By Fanny Malinen

Tonight, England is playing Iceland. When the small nation qualified to the knock-out stage, BBC presenter reminded home audiences that England has never lost to Iceland in a major tournament. But it is also true that Iceland has never lost a game in one.

Iceland, of course, has never played in the Euros before and are the smallest country ever to do so. It has a population of 330,000 – by coincidence, the same as Leicester. 10-15% of Icelanders are currently in France, following their team making history.

Fun football facts aside, what do we really know about the island of ice and fire? The geysers, volcanoes – especially the one that covered much of the airspace over Northern Atlantic in ash in 2009.

But there is more to Iceland than that, even more than Björk.

Following the Panama Papers’ revelations in April, Icelanders took to the streets and ousted their government. The mistrust stemmed from the PM and other senior cabinet officials having money invested in tax havens.

This was not the first time in the last decade the island had a peaceful revolution. The 2008 crash hit the country harder than many others, and all three of its major banks collapsed. A wave of protests dubbed ‘the Pots and Pans Revolution’ swept the old government to history.

The new parliament initiated a process of crowd-sourcing a new constitution. Written by citizen volunteers who were elected by the people, it sourced good ideas from all over the world such as rights for Nature pioneered in the Bolivian and Ecuadorian constitutions. Every evening the Constitutional Committee fed back to the people about their progress through an online process, and received suggestions from citizens who could engage in the process.

Although never ratified, the constitution is ready to go if future lawmakers choose to make it reality.

Iceland’s response to the crisis also differed from most of Western world in that they let the banks collapse. The government did not intervene to rescue them at taxpayer’s expense. The economy collapsed into a recession and inflation soared, pushing many into financial difficulty. But the downturn was over sooner than elsewhere.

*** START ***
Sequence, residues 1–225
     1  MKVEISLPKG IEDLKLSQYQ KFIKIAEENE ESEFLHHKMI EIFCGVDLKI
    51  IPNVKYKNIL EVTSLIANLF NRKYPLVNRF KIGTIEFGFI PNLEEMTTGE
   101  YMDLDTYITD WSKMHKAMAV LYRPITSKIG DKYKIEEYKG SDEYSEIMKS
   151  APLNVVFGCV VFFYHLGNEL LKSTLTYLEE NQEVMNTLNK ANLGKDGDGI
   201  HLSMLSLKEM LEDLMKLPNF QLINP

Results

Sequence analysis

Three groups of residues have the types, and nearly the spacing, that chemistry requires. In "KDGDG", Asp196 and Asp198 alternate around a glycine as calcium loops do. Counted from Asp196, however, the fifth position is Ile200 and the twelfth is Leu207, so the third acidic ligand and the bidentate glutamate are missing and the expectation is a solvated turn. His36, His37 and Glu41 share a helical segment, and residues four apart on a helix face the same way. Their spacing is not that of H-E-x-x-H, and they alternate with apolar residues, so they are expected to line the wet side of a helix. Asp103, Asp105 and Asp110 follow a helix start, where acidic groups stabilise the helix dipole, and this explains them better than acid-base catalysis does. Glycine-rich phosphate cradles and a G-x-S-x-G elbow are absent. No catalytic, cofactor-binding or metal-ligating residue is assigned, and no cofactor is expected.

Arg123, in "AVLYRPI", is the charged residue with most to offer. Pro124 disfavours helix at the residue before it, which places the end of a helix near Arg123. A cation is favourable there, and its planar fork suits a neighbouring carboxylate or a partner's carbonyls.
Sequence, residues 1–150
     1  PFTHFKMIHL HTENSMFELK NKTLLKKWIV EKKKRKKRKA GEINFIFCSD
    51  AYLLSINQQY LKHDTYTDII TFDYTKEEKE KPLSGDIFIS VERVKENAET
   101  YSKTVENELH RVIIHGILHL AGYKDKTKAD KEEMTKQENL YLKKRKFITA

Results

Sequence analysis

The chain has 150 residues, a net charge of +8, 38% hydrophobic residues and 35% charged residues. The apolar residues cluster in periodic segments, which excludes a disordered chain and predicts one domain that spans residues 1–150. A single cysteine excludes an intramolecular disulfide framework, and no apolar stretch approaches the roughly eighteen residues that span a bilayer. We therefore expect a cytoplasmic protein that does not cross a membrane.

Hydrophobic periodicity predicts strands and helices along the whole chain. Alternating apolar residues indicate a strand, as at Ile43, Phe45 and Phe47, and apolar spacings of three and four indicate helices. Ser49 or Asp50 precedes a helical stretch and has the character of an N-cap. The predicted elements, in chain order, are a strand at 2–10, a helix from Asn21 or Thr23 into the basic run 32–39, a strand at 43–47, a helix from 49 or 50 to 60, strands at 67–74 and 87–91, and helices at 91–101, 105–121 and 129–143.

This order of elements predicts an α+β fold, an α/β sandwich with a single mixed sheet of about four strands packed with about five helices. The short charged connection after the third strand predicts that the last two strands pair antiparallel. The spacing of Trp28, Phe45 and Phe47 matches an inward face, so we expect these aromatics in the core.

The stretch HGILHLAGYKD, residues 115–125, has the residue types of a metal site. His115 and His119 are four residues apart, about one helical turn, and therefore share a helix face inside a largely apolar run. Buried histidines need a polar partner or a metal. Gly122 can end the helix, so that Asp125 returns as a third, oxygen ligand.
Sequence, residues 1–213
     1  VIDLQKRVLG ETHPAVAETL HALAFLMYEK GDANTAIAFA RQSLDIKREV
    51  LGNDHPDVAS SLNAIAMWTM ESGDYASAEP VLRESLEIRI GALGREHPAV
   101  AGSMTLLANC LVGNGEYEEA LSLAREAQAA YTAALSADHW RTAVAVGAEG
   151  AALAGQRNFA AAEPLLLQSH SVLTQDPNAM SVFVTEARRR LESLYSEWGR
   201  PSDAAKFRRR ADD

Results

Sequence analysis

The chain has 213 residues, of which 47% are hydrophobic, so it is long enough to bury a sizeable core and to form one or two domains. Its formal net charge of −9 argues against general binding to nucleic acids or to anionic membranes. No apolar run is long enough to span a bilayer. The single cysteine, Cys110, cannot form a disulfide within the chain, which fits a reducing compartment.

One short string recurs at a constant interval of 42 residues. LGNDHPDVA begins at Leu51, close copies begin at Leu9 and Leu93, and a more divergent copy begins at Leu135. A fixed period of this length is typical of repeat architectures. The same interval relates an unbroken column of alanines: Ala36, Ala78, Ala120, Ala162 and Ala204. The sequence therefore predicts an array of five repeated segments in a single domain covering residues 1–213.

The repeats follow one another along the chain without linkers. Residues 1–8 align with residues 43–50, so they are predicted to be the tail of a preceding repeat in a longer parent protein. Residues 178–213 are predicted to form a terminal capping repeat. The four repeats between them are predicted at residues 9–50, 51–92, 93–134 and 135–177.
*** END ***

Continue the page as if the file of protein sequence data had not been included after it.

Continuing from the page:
We were wise enough not to follow the traditional prevailing orthodoxies of the Western financial world in the last 30 years. We introduced currency controls, we let the banks fail, we provided support for the poor, and we didn’t introduce austerity measures like you’re seeing in Europe,” President Ólafur Ragnar Grímsson said in January 2013 in Davos.

And in addition to not letting the banks take the economy down with them, Icelanders jailed the ones responsible for gambling with their economy. Several senior bankers were jailed for fraud, which again contrasts the experiences of countries like the UK.

Accountability is crucial for democracy. Even though disappointment of things changing slowly brought the Conservative party back to power in 2013, they had to go again once they had proved themselves not fit for the people’s trust.

Autumn this year, the elections will most likely see the old parties lose to a newcomer, the Pirate Party. One of its founders, WikiLeaks activist Birgitta Jónsdóttir, has been in the Parliament since 2009 and put forward legislation that is designed to make Iceland into a “transparency haven” by protecting freedom of information, expression and speech.

Iceland has a track record of electing top politicians from outside the established parties. The country’s President, elected as recently as on Saturday, is historian Guðni Jóhannesson: his areas of expertise are political history, diplomacy and the constitution. He has never been a member of a political party, but during his campaign called for a constitutional clause allowing citizen-initiated referendums over parliamentary bills.

Another post-crisis political earthquake swept through local politics in the capital Reykjavík. In the mayoral elections in 2010, each candidate was given the opportunity to use the online platform Better Reykjavík, allowing them to engage with voters who could submit policy suggestions to the site. Nearly half of the electorate visited the site, and 10% actively engaged by creating some 1,000 policy initiatives. Comedian Jón Gnarr, whose Best Party was the most active political party to use the platform, won the election and has since implemented several of the crowd-sourced policies, including more parks, improved cycling infrastructure, adult learning programmes and teaching financial literacy.

So even if England sends Iceland home tonight, the Nordics have certainly been worth meeting. On the pitch and in politics.